After Angela Merkel’s departure, Europe can’t find someone to guide her

Emmanuel Macron, Mario Draghi, Olaf Scholz… Who can succeed Angela Merkel as leader of the European Union, following the departure of the Chancellor after 16 years in power?

The race to fill this position opens in 2022 but, according to analysts, the results may not measure up of expectations.

In the end, it is possible that no one has, for now, the ability to cope alone the deep problems facing the EU: from the weakening of the rule of law in some member countries, to the risk of geopolitical marginalization or the setbacks of Brexit.

Angela Merkel. Photo: Reuters

In photos: Angela Merkel marked an era as Germany's chancellor

Angela Merkel, replaced in December at the head of Germany by the Social Democrat Olaf Scholz, marked Europe with her effort to keep the Union cohesive despite long and numerous crises.

Merkel “is seen as the ‘de facto’ leader of the European Union, and also of the free world “, writes Sebastian Reiche, professor at the business school (IESE) of the University of Navarra, in Spain, on his blog.

The Macron option

Emmanuel Macron. Photo: AFP Emmanuel Macron. Photo: AFP

Recent research by the European Council on Foreign Relations (ECFR) think tank revealed that, if they could, the 41% of Europeans would support Angela Merkel as President of Europe, compared to only 14% who would do it for French President Emmanuel Macron, the other character they asked about in their poll.

However, the French head of state has before him an opportunity to occupy that position, the first stage of which will be lfor six-month presidency of the EU that France will take over in January.

Merkel’s departure “could allow the French vision of a powerful Europe To develop. Something that Macron has defended since he came to power “, explains Alexandre Robinet-Borgomano, in a text published by the French analysis center, the Institut Montaigne.

“It is President Macron who takes the initiative” to regain European leadership, “although his self-proclaimed attempts to give the European Union a clearly political objective have so far been held back,” responds Helen Thompson, professor at the University of Cambridge, in a platform recently published in the New York Times.

The Draghi option

Mario Draghi. Photo: Reuters Mario Draghi. Photo: Reuters

In this context, the Franco-Italian treaty that Macron signed with Mario Draghi (key in the new post-Brexit European alliances) has not gone unnoticed.

The two leaders have just launched a common appeal to reform European budget rules to allow more money to be spent in investments. This initiative will not be to the liking of the northern European countries, more orthodox regarding public finances.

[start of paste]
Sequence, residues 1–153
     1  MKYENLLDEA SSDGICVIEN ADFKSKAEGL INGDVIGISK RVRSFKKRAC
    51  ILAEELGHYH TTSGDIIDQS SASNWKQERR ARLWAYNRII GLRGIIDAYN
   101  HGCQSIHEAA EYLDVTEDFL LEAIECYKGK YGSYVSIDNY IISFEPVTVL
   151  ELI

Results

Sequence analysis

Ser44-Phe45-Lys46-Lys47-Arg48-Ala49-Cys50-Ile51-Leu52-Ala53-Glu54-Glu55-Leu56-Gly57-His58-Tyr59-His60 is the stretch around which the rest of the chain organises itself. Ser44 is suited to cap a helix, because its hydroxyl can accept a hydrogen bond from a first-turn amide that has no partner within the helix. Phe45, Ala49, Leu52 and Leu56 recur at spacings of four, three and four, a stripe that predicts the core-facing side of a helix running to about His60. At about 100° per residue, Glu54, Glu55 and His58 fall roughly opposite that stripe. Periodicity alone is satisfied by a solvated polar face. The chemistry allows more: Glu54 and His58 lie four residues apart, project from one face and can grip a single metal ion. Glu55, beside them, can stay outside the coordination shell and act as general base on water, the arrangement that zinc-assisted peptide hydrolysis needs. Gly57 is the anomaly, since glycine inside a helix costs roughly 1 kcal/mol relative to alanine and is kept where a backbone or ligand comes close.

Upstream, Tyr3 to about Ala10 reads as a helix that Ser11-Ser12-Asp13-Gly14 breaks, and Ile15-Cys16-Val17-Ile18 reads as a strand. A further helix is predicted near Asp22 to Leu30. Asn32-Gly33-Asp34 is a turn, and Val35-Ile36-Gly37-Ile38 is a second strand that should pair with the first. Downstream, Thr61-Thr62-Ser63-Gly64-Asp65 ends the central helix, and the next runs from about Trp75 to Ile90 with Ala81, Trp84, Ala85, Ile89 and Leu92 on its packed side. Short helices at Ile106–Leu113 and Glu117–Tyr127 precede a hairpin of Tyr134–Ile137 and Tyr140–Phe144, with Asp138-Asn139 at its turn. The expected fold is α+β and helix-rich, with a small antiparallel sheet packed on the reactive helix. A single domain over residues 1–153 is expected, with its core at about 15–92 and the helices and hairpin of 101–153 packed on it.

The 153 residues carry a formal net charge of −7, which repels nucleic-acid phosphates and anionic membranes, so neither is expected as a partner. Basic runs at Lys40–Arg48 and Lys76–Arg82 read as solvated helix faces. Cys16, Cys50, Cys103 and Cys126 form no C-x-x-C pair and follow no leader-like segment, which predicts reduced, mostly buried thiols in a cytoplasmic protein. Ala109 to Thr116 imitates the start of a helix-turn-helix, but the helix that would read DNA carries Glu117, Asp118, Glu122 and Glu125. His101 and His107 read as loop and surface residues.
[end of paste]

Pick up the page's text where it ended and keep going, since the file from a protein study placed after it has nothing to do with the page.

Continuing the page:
Even more so when the head of the Italian government, nicknamed “Super Mario” Following his performance at the head of the European Central Bank, he is seen as a potential candidate for European leadership.

The return of stability at the domestic level, together with the strong personal ties it has with its European partners (…), serve as excellent references to reaffirm Italy’s presence on the European scene “, considers Nicoletta Pirozzi, from the Istituto Affari Internazionali think tank in Rome, in the magazine Internationale Politik.

But nevertheless, Draghi’s popularity could be “fleeting, since it was born in the economic crisis caused by the health emergency “of the covid-19, adds Pirozzi.

Macron, for his part, faces a 2022 not easy internally, with presidential elections in spring the outcome of which is highly uncertain due to the rise of the extreme right.

This could cause France to focus more on its internal political problems than on developing its grand visions for Europe.

The Scholz option

Olaf Scholz. Photo: Bloomberg Olaf Scholz. Photo: Bloomberg

In Germany, long dubbed “Greater Switzerland” for its tendency to give preference to economic prosperity Before the big international issues, the pieces begin to move.

“We want to increase strategic sovereignty of the European Union “, and better defend” common European interests “, can be read in the coalition agreement of the new government of Olaf Scholz.

But to get it, Scholz, who presents himself as Merkel’s heir (he was number two in her government) it will have to violently break with certain structures.

From the outset, with “Merkelism”, a diplomacy focused on the permanent search for agreements, which prefers to wait in times of crisis before acting and gives priority to economic interests, including with authoritarian regimes such as Russia and China.

This system begins to show its limits. “It should not survive Merkel”, because it does not allow “to fix Europe’s challenges, such as the pandemic, climate change or international geopolitical competition,” say Piotr Buras and Jana Puglierin in the ECFR analysis.

A supporter of stronger solutions, would Emmanuel Macron be the best placed?

“Macron’s leadership it is an option (…) but it is unlikely “because of its problems forging “alliances” necessary, warns Professor Sebastian Reiche. Furthermore, there is a feeling that France wants to use Europe to defend their own interests.

And Helen Thompson is even more pessimistic.

“Currently weakened by the rivalry between the United States and China and deeply divided internally (…) the European Union cannot be led, no one can be the new Angela Merkel“, defends the Cambridge professor.

“The reality, clearly speaking, is that neither the German Chancellor nor the French government can lead Europe (…) and, without leadership, Europe is heading for stagnation“, said Thompson.

By Yacine Le Forestier, AFP

By Editor

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